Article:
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Tiny snails leech off corals like ticks and weaken reefs

Tiny snails could jeopardize one of the few hardy species of coral left capable of adapting and recovering more efficiently than other more delicate coral reef systems.

Researchers from the Georgia Institute of Technology discovered that a species of snail acts like a tick and drains liquid from the Porites cylindrica coral. This can damage coral growth and decimate already compromised and degraded reefs.

Coral reefs are declining at an unprecedented rate, and face a wide range of stressors and threats including overfishing, bleaching, rising sea-temperatures, and pollution. The snail may be a formidable opponent to add to that list.

“Once the reefs are down and nearly out, these snails are piling on,” said Mark Hay, a co-author of the study. “The Porites coral is kind of the last man standing, the last hope for some of these reefs coming back, and they are the ones these snails selectively prey on. As you get fewer and fewer corals, the snails focus on the fewer and fewer of these colonies that remain. This is part of the downward spiral of the reefs.”

Because the snail can camouflage itself on the reef and doesn’t leave behind any obvious markings, the seriousness of the threat the snails posed was previously overlooked.

To better understand the snail’s impact on coral, researchers conducted several experiments on Fiji Island reefs.

The results were published in the journal Ecological Application and show that the snails can reduce coral growth by 43 percent in less than a month.  

The researchers noticed that the snails were much more abundant on degraded reefs where fishing was permitted. There were 35 times more nails on degraded corals than on corals in protected reefs.

For the study, the researchers isolated coral branches, attached snails to them and came back after 24 days to assess the damage and growth rates.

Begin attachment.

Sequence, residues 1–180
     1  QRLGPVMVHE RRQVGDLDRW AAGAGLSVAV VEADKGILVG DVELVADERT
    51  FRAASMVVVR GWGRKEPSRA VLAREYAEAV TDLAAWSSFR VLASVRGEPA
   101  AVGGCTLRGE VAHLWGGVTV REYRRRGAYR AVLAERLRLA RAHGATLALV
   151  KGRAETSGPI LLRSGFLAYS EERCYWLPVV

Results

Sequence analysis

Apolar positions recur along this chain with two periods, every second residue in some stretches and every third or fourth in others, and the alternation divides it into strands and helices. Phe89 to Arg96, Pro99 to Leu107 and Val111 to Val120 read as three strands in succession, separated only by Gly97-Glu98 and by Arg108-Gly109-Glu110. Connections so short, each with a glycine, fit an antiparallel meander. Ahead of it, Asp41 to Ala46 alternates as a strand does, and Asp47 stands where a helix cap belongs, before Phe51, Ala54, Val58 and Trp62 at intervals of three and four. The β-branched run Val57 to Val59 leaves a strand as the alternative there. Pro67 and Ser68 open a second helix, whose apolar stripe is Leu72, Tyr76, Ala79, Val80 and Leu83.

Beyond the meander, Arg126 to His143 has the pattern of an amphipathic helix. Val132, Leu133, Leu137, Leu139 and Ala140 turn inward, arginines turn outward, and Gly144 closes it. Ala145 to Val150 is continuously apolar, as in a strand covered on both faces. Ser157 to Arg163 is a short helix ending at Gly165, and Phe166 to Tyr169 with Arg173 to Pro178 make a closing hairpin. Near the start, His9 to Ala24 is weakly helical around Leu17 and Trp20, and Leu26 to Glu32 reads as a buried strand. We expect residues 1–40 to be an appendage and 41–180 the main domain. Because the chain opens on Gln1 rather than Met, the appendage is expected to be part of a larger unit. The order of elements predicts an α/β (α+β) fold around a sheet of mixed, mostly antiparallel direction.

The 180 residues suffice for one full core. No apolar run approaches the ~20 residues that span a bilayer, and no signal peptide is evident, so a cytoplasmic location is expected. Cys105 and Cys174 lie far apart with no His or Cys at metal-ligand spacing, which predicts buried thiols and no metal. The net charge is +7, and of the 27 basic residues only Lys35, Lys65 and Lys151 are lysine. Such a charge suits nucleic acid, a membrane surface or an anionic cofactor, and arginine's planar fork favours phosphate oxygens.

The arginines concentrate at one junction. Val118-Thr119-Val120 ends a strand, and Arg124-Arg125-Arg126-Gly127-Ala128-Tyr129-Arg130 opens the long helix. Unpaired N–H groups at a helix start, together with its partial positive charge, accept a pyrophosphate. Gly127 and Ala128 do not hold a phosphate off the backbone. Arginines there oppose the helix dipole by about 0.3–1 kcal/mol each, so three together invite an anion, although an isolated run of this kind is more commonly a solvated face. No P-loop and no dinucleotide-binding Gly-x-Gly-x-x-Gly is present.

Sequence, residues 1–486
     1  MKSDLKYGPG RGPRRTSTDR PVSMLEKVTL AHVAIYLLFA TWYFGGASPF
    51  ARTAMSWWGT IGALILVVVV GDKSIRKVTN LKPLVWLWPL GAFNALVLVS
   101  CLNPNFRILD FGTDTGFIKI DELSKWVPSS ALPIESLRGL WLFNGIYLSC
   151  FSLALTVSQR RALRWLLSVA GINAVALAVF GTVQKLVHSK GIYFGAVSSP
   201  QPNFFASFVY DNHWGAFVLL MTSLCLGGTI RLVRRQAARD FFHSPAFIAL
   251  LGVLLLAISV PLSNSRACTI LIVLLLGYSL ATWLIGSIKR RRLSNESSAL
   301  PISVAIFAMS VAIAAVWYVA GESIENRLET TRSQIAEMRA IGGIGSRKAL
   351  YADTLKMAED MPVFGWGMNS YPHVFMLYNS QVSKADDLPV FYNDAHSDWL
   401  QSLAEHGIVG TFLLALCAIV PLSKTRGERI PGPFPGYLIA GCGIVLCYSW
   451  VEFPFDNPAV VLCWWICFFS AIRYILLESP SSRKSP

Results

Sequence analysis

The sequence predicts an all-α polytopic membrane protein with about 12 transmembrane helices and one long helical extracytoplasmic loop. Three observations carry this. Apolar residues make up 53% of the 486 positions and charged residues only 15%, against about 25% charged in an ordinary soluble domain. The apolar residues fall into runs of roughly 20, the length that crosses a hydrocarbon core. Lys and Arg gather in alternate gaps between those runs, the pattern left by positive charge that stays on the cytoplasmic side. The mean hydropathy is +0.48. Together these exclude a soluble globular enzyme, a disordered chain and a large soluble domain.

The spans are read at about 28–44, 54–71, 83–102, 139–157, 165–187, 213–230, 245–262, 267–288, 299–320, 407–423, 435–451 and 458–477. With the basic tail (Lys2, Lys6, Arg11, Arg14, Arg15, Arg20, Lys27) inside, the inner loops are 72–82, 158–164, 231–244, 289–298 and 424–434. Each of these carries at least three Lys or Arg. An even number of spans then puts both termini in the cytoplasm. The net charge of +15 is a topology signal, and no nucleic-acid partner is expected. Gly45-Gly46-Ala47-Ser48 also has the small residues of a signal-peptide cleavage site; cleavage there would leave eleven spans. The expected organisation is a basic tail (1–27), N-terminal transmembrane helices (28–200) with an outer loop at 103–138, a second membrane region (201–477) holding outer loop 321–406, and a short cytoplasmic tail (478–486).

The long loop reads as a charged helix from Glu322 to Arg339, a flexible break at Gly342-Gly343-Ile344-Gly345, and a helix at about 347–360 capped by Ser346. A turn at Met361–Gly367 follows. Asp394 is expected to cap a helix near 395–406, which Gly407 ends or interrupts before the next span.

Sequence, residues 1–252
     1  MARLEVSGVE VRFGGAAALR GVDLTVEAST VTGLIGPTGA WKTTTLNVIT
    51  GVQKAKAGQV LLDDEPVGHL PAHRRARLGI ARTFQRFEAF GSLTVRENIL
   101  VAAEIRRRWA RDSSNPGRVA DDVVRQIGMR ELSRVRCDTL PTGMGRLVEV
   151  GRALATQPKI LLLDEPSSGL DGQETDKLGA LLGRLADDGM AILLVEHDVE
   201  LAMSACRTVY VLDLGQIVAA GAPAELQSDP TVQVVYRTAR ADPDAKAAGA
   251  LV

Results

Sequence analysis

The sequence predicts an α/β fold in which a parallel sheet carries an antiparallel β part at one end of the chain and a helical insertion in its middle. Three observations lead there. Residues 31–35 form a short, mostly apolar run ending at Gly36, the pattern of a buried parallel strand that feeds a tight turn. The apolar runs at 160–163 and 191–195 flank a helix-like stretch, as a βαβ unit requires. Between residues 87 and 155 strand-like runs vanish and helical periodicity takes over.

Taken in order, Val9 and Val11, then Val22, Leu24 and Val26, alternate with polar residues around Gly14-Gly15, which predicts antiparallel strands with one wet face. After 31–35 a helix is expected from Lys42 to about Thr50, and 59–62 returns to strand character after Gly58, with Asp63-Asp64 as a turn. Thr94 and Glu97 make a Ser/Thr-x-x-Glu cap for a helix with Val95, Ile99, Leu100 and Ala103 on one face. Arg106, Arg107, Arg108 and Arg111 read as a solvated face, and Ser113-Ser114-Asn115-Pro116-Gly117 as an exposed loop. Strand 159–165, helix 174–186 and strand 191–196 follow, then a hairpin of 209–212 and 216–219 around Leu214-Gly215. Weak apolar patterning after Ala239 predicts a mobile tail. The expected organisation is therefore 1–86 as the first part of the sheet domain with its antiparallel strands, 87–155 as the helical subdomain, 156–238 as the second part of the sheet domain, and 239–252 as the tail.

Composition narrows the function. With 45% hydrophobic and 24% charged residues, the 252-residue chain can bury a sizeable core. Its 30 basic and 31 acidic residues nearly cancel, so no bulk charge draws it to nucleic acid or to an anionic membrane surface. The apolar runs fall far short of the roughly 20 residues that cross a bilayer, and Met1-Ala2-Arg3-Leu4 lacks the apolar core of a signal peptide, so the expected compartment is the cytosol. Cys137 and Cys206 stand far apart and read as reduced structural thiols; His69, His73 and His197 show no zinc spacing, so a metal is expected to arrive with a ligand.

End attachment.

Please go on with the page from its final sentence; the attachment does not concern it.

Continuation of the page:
Coral growth on the infested branches was reduced by 18 to 43 percent compared to the branches that were snail free.

“A single snail can do a considerable amount of damage,” said Cody Clements, a leader of the study. “They are sucking the juice out of the coral. If you have a lot of snails feeding on a single coral colony, it can be very hard for the colony to thrive.”

The researchers suspected that the increase in snail populations in some reefs versus others had to do with fishing restrictions. Fish can help manage predators and seaweed in coral ecosystems but if fishing is permitted, there are less fish to do this crucial job.

Snails were attached with both protected and unprotected reefs to find out if fishing played a role in decreasing snail infestations.  

Not surprisingly, the snails in protected reefs were eaten and the snails’ shells overtaken by hermit crabs.

“From the predation evidence, it looked like the fish were eating the snails,” said Clements. “It seemed like the main element driving the difference was the protection status of the area where the snails were tethered.”

The coral species that the snails prefer most are also considered a key coral for reef recovery because of its hardy nature, and the researchers say that tackling overfishing and keeping corals protected is necessary for maintaining biodiversity.

By Kay Vandette, Staff Writer

Image Credit: Cody Clements, Georgia Tech

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